HOUSTON, JULY 9 -- The United States and its European allies clashed over agricultural trade and the environment today at the opening of the 16th annual economic summit and negotiators worked late into the night to try to bridge the differences.

President Bush and his top advisers mounted an aggressive attack on Europe's heavily subsidized agriculture systems, but found themselves on the defensive against European demands for swift and specific action to combat global warming.

Outlines for compromise on both issues appeared to be developing, but not before there had been sharp, public attacks by ranking members of the Bush administration on what they described as European intransigence in the so-called Uruguay Round of global free trade talks, which began in 1986 in Uruguay and are scheduled to end in December.

In contrast, European differences with the United States on the environment were conducted more quietly in delegation-to-delegation consultations.

The U.S. attack on trade appeared in part designed to deflect attention from the environmental issue, in which the administration is increasingly isolated from the other nations here. West German Chancellor Helmut Kohl, in a letter to the other leaders, called for significant action to reduce emissions of greenhouse gases thought to cause global warming. But the administration held firm to its previously stated position that more scientific study is needed before agreement on specific action.

German officials said the Kohl government, while disagreeing, was nonetheless willing to seek a compromise on emissions of carbon dioxide, considered a principal contributor to global warming, if the Bush administration was willing to commit itself to international efforts to save tropical rain forests.

On agriculture, Bush raised the stakes by insisting that the summit leaders commit their countries to genuine negotiations that could lead to an eventual end to European farm subsidies, despite the political disruption that action might cause in France and West Germany.

Although most nations subsidize their farmers to some extent, the high payments by the 12-nation European Community are seen by the United States and other food exporters as highly disruptive to international trade. U.S. officials said today that failure to reach agreement on farm trade threatens to scuttle the entire Uruguay Round effort to strengthen the compact that governs world trade, the General Agreement on Tariffs and Trade (GATT).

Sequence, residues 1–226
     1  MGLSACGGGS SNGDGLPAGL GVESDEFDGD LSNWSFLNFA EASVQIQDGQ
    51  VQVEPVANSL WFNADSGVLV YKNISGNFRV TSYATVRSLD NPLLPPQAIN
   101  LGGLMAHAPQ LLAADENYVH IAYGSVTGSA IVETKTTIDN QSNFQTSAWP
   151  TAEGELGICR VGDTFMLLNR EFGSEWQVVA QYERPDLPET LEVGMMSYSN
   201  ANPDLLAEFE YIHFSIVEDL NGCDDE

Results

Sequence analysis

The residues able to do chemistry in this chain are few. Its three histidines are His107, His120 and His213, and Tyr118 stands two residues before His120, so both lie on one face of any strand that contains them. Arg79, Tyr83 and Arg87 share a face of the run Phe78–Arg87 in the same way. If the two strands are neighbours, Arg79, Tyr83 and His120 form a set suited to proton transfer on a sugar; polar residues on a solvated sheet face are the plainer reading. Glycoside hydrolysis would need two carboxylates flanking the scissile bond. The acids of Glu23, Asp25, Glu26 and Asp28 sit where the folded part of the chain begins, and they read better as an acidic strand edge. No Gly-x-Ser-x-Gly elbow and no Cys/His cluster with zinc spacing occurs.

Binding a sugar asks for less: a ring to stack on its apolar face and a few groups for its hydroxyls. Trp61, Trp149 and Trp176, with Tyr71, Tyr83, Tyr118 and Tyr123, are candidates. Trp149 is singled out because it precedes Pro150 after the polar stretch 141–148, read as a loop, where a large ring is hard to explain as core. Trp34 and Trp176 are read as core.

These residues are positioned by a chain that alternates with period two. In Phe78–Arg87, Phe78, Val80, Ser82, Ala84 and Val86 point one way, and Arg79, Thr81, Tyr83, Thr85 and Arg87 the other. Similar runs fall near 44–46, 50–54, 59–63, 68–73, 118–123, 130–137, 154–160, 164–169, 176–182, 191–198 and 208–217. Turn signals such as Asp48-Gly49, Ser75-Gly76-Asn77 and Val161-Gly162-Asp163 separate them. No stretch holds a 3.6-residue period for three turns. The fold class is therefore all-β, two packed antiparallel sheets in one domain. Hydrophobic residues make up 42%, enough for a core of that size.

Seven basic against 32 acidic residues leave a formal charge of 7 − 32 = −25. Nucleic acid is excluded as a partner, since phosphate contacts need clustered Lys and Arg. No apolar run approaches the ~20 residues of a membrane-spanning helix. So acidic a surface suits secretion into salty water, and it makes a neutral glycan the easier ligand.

The first clear signal of how seriously Bush meant to press the issue here came Sunday in a private meeting with EC President Jacques Delors, which left European officials shocked at the intensity of the president's feelings.

"We in Europe underestimated Bush," said an EC official.

Bush's private pressure, which continued this afternoon in the first meeting between the summit leaders, was reinforced in back-to-back press conferences by U.S. Trade Representative Carla A. Hills and Agriculture Secretary Clayton Yeutter. Yeutter said the Europeans have "simply not been engaged" in serious negotiations on the farm issue, an accusation European officials denied.

"We can't negotiate with ourselves," Yeutter said.

The possible basis for a compromise centered around a framework document drafted recently by Aart De Zeeuw, chairman of the GATT agriculture group and a former Dutch agriculture official. Hills said the United States wanted the summit leaders to express willingness to use that text as a basis for the GATT negotiations.

Surprisingly, German officials said Kohl indicated the document was a good framework for further negotiations, an apparent breakthrough on an issue that has divided the United States and the EC for years.

Kohl is particularly sensitive on the farm issue because he faces all-German parliamentary elections Dec. 2 as part of the unification process. His party is depending on the votes of Bavarian farmers who benefit from the subsidies, and on farmers in Saxony, now in East Germany, who need them.

U.S. officials invoked the interests of nations not represented here, saying they would not ratify parts of a trade agreement that the industrialized nations -- including the Europeans -- want, unless the EC shows a willingness to reduce farm subsidies.

Hills said Third World nations who are efficient agricultural producers are especially hurt by EC farmers who "dump" their subsidized products on world markets at cut-rate prices. She said other countries would reject agreements on issues including protection against piracy of patented products and elimination of barriers for trade in services and foreign investment if the GATT talks fail to deal adequately with the farm issue.

"The Uruguay Round is ten times more important to the economy of the world than what will happen {here} with respect to the Soviet economy," Yeutter said.

Hills said the outcome of the trade talks will determine whether the world enjoys "an economic renaissance" or "dangerously decreasing economic prosperity."

The environmental debate focused on how the seven nations could follow up on last year's summit commitment, the first time the leading industrialized nations had faced up to global pollution.

Kohl, in his letter, called for specific goals to reduce carbon dioxide. Kohl said he would like the participants to use the summit to send a message that the 1992 United Nations conference on the environment adopt "radical measures to limit carbon dioxide emissions."

The Bush administration has consistently resisted European efforts to move faster, and White House Chief of Staff John H. Sununu, a strong proponent of this policy, warned today that capping emissions of greenhouse gases could harm economic growth.